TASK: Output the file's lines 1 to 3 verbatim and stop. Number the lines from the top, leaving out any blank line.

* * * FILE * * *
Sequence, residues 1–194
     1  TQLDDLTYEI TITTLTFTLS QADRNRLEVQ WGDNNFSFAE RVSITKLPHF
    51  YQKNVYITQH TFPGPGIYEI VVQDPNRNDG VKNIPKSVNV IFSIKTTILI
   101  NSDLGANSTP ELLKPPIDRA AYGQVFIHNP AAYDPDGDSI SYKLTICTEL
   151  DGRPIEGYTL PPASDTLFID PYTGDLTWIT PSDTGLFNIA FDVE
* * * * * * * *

Sequence, residues 1–194
     1  TQLDDLTYEI TITTLTFTLS QADRNRLEVQ WGDNNFSFAE RVSITKLPHF
    51  YQKNVYITQH TFPGPGIYEI VVQDPNRNDG VKNIPKSVNV IFSIKTTILI